This is an advantage because Bach wrote most of his keyboard music for the harpsichord - the piano was only invented near the end of his life. Not that there is anything wrong with playing Bach's music on the piano; I am instrument-agnostic. But there is a certain coherence here that arises from the constant use of the harpsichord.
Yet, this is also a disadvantage. The Haenssler set, in particular, features some unique, little-recorded instruments - there is a magnificent disc Album) music for the lautenwerk, or lute-harpsichord; there is a fair amount of music recorded on the clavichord; and, Robert Hill's masterful recording of the Well-Tempered Clavier - one of the finest on disc - is recorded on several instruments: harpsichord, clavichord, fortepiano and organ.
In any case, the keyboard box in this set is excellent. On 23 CDs, some wonderful performers are present. Joseph Payne's French Suites originally recorded for Album) are among the finest recordings of these popular works.
Payne's approach to these suites is intimate and reserved, yet he does not hesitate to play somewhat more freely in the repetitions of the various movements. His interpretation is clear and unambiguous; firm in, say the first suite, more delicate, almost dainty in the sixth suite.
Under Joseph Payne's fingers, these works take on a new feeling. Pieter-Jan Belder's Partitas are sensitive and moving, though they do not approach the excellent recording by Trevor Pinnock, which is part of the Haenssler set. Belder has a judicious approach to the Partitas, though it could be considered a bit conservative. The recording here by Leon Berben is a mixed bag. The sound of his harpsichord has both good and bad points - it is an attractive instrument, but it suffers from a Album) too much reverb.
His playing is adequate, but his interpretation of the works ranges from inspired, in some of the pieces, to confused in others. It sometimes sounds as if he is right at home with the music, but, at other times, he seems to be unfamiliar with it, playing hesitantly. He has a light, delicate touch in the opening aria, which starts this work out in a very attractive tone. His harpsichord, a Ruckers copy, sounds magnificent - just the right level of presence and strength. Often, such recording leads to a bad sound, but here it works very well.
His playing is lively in the faster variations, and sensitive in the slower ones. This is indeed a fine performance. How can one conclude such a review? With a simple yes or no recommendation? Well, if it were that simple, I would give a resounding "yes"; I do, The Sixteen, highly recommend this set.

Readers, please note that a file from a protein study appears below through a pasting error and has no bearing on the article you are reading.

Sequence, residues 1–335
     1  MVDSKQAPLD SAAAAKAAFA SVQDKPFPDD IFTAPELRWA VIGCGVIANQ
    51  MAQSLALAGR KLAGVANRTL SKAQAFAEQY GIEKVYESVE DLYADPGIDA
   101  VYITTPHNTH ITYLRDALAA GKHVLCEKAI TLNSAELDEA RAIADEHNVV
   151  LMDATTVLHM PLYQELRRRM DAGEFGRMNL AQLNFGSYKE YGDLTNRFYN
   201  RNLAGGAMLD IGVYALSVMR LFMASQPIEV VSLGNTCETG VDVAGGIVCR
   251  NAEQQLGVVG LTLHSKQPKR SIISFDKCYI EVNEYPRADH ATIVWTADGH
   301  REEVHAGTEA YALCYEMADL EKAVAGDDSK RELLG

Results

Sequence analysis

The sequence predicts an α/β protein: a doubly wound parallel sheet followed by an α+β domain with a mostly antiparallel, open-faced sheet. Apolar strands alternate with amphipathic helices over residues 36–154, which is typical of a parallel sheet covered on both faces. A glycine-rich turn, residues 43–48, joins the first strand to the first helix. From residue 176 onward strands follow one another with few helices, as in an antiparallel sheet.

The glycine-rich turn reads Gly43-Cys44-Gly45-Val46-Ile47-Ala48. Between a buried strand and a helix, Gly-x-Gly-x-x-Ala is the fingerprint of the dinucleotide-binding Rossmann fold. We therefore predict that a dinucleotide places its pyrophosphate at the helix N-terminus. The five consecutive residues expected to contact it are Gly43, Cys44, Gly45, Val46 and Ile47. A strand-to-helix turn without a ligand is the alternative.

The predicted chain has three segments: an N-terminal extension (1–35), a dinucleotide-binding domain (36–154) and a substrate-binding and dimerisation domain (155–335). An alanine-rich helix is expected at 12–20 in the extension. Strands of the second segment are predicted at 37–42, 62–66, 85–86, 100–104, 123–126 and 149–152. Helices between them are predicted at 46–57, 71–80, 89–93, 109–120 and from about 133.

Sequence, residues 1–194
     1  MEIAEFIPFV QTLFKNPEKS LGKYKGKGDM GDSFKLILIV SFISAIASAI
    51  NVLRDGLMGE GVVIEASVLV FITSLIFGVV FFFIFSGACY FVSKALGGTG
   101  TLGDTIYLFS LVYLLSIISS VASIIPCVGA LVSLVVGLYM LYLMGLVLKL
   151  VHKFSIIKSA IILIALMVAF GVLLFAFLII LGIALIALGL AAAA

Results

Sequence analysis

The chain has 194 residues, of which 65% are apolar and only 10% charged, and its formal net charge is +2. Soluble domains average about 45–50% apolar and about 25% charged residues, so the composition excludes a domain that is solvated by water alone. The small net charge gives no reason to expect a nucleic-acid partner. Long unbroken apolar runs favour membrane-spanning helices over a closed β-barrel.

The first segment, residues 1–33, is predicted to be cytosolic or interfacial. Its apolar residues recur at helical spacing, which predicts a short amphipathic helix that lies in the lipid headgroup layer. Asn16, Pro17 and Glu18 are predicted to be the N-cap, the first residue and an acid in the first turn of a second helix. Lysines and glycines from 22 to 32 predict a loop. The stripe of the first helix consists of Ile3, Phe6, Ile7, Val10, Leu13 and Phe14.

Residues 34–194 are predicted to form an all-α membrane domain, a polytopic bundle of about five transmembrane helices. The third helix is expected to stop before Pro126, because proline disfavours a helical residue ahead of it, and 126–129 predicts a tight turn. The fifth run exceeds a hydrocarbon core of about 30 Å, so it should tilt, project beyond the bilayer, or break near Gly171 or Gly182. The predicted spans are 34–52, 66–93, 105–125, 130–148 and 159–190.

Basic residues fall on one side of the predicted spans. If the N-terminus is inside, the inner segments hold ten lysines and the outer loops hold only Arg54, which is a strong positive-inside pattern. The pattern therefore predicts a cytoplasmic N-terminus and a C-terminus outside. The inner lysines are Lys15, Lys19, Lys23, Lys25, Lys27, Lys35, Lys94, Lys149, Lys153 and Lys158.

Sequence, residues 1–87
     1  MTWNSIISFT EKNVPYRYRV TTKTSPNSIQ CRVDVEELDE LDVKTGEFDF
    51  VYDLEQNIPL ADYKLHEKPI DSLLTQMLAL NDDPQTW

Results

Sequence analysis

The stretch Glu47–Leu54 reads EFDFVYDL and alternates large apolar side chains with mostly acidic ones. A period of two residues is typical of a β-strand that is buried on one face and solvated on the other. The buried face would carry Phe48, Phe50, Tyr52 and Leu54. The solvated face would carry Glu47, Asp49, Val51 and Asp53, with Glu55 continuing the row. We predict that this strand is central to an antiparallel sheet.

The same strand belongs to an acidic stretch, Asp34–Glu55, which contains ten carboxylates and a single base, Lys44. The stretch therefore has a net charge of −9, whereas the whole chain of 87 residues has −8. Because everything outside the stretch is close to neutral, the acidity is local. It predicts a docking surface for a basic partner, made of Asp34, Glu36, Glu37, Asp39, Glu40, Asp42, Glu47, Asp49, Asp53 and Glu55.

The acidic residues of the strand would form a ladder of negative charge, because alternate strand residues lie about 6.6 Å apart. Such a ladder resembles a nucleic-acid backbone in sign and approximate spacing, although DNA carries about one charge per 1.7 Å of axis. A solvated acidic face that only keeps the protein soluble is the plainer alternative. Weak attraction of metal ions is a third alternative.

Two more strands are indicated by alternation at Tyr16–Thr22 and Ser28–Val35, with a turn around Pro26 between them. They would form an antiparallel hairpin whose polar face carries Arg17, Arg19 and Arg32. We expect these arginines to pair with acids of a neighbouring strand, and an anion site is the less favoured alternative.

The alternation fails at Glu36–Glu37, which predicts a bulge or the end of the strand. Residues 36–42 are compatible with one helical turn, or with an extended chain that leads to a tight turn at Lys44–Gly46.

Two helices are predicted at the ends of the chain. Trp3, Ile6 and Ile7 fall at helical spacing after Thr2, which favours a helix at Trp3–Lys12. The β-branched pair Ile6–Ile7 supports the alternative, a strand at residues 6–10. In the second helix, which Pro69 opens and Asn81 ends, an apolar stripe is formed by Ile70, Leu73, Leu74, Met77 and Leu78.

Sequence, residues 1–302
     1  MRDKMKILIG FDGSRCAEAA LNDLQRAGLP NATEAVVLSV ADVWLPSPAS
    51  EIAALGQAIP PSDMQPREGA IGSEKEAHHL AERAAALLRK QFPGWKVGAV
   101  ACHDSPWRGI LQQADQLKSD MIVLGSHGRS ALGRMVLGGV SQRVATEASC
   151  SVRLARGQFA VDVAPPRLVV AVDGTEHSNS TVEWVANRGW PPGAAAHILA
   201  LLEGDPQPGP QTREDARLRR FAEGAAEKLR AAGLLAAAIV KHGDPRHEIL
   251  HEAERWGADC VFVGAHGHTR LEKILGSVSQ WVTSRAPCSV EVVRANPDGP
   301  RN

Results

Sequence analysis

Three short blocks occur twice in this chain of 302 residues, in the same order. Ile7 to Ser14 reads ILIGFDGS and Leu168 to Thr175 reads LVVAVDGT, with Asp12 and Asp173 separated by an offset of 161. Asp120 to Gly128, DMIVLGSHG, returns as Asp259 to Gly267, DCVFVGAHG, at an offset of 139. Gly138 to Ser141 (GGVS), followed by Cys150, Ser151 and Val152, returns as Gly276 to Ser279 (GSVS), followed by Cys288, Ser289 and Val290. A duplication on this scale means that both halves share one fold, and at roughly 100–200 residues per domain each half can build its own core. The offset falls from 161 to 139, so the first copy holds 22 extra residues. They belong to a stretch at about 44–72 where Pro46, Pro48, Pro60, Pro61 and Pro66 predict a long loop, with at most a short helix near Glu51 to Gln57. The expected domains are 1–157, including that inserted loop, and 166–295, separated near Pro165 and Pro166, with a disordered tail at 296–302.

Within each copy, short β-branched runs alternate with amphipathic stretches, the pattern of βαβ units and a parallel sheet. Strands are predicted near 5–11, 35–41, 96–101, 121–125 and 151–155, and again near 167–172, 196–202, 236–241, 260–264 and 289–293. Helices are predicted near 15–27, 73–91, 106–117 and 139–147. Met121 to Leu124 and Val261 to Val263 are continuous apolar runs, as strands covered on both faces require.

I have recordings of all of Bach's works, and did before receiving this set - I have some Bach CDs - yet I was delighted and surprised as I listened to the many pearls that I discovered in this set.
There are some drawbacks, though, mostly those inherent in buying any such complete set. While many of the recordings are excellent, there are some which are mediocre. Nevertheless, the good ones do outweigh the lemons, and, if you like Bach's music, you owe it to yourself to get this set - at its super-bargain price, even those recordings you don't like will not cause too much disappointment, but the quality of the excellent ones is such that you will certainly be delighted.
Note that the cost of some of the recordings in this set that have been licensed from other labels would far exceed the total cost of the entire set. If only to have the 60 CDs of sacred cantatas, and to discover what is an incredible collection of moving and memorable music, this set is worth having.
For My eyes are on all their ways; they are not hidden from My face, nor is their iniquity concealed from My eyes. If I sin, then You would take note of me, And would not acquit me of my guilt. Hide me from the secret counsel of evildoers, From the tumult of those who do iniquity.
For God will bring every act to judgment, everything which is hidden, whether it is good or evil. All rights reserved. Topical Bible Thematic Bible. Subscribe to the Verse of the day. Never miss a post Name. Verification Code. Related Readings 1 more readings on Secret. Error God Forgive! Confession of sin Forgiving Yourself motives Discernment cleansing secrets exams. Secrecy Concealment, Of Sin.
Byrd was not using plainchant forms or models to adapt them to the words, but beginning with the words to create the most beautiful and appropriate music he could to elucidate their meaning. The fourth episode focuses on Luther's changes to liturgical prayer to include congregational singing, the vernacular, and the organ -- and how those changes influenced Bach.
Johann Sebastian Bach created more than a thousand works of music, most of them for the Lutheran church. We had recently started listening to Actus Tragicusa CD of early cantatas from Harmonia Mundi, so we were glad to learn more about Bach's choral music.
I recommend the DVD set, with the warning that the discs do not present complete performances and my discontent with the second episode noted.